In New York City, we don’t have highways, we have sidewalks. Would you come to a dead-stop on the Interstate just to take pictures of random, tall buildings? No? Then SWEET JESUS, please don’t do it here.
I will never again come home on Sugar Bottom Road and see my mother’s muddy boots on the outside stoop, covered with equal amounts dog hair and mowed grass. I will never walk onto the blue shag carpet and find my scrawny little brother sitting on the floor in his pajamas, his energy, his kinetic force, dark hair disheveled as he builds an entire city out of Legos. My father, so very young, the fire in his eyes, proudly dropping the top on his convertible and driving along highway 1, harmonizing with John Denver and appreciating the smell of baled hay.
Things have splintered since then, and we’ve all scattered in different directions and built very different lives. But I can make it all come back so vividly, so clearly. I know the way the night sky opened up to me, endless, stretched out on a trampoline - the feeling that I was both trapped and unrestrained in a fly-over state.
If I had the choice to move back there, I don’t think I’d want to. I like it so much better here. But I feel anyway that I’ve lost something enormous.
“Lately, we’ve been referring to to our social-media-saturated era as “the age of outrage.” I think what’s going on is more complex than that. We don’t get to hide from the truth anymore. We don’t get to hide from the possibility of multiple truths. This is the age of knowing, of Pandora’s box blown wide open. This is the age of being unable, or unwilling, or having fewer opportunities to look away. This is the age of being confronted with what we are willing to do in the name of what we believe.”—Roxane Gay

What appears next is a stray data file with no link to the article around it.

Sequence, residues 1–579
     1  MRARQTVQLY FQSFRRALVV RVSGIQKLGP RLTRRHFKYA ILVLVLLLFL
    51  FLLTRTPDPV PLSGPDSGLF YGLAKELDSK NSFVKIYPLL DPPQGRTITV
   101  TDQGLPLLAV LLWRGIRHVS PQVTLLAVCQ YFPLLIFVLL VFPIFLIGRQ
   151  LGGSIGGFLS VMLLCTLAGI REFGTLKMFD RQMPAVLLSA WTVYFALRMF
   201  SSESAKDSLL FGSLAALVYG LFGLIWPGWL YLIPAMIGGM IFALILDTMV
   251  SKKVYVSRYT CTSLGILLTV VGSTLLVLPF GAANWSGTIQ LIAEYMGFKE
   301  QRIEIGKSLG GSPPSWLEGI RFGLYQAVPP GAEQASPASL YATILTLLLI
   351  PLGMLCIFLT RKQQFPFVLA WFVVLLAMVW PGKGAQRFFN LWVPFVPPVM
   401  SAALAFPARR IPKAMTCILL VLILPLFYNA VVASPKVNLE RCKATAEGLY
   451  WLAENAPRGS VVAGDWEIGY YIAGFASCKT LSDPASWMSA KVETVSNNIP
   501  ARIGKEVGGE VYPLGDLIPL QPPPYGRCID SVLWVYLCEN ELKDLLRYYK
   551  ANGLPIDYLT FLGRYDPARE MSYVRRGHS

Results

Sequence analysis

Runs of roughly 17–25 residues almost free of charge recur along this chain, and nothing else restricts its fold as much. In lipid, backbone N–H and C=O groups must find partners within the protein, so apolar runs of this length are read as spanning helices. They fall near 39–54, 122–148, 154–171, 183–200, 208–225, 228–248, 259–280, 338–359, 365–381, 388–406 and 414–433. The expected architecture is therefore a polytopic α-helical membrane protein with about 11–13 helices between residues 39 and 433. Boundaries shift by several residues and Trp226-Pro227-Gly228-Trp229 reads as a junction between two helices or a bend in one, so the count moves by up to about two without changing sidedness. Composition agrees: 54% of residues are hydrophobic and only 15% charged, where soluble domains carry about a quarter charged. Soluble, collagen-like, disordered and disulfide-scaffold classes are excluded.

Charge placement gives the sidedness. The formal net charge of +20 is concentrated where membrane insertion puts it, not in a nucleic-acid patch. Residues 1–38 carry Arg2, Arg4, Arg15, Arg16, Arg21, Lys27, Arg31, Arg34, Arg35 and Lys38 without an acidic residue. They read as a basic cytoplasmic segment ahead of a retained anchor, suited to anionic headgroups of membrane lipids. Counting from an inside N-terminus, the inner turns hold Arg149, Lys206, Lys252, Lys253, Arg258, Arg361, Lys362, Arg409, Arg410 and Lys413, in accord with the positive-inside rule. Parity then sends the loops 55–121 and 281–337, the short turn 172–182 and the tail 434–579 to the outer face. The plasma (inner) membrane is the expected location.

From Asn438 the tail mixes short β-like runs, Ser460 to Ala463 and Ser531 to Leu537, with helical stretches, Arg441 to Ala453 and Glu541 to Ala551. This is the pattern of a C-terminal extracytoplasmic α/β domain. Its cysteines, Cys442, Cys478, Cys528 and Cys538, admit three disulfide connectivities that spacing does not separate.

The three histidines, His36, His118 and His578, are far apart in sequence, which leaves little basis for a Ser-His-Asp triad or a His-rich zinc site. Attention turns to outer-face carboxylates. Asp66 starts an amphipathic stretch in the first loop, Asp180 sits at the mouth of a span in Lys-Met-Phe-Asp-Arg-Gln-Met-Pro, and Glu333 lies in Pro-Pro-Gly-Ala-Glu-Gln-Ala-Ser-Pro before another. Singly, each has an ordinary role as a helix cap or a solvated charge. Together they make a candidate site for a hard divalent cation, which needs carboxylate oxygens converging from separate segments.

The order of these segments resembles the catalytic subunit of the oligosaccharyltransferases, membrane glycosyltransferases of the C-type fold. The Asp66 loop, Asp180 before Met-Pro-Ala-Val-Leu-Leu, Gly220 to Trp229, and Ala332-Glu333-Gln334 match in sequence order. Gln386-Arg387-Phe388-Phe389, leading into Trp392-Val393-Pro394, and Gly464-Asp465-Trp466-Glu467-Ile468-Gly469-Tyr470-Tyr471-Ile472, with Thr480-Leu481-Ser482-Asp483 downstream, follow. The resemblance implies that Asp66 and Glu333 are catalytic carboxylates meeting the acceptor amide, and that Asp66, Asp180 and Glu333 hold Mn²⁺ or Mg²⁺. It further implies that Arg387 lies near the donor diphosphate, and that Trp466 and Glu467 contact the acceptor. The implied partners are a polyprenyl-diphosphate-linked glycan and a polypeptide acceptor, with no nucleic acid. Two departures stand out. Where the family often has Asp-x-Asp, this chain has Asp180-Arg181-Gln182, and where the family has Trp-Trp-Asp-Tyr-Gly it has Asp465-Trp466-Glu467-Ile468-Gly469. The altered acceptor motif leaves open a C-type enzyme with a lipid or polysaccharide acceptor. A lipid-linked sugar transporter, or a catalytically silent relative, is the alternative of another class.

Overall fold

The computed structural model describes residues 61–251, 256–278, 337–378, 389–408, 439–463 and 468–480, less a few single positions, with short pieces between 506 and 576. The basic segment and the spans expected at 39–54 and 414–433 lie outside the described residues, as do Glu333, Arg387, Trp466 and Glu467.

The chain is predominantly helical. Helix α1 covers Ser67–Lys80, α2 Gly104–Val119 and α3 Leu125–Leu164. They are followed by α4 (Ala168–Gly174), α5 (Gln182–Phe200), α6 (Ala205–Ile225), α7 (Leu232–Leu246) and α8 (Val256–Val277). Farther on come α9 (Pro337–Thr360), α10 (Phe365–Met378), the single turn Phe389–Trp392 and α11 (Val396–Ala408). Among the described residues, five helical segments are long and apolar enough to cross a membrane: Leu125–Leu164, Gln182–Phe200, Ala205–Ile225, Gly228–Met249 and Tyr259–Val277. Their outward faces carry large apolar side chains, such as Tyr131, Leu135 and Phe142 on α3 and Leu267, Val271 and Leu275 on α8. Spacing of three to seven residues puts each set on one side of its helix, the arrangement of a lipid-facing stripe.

“What if I forgave myself? I thought. What if I forgave myself even though I’d done something I shouldn’t have? What if I was a liar and a cheat and there was no excuse for what I’d done other than because it was what I wanted and needed to do? What if I was sorry, but if I could go back in time I wouldn’t do anything differently than I had done? What if I’d actually wanted to fuck every one of those men? What if heroin taught me something? What if yes was the right answer instead of no? What if what made me do all those things everyone thought I shouldn’t have done was what also had got me here? What if I was never redeemed? What if I already was?”—
Cheryl Strayed, Wild.
I remember reading this on the top floor of a Megabus two years ago and being so stunned I had to put the book down. This paragraph was absolutely revolutionary for me. I’d never heard anyone say anything like this before. What a radical concept — self-forgiveness. Acceptance.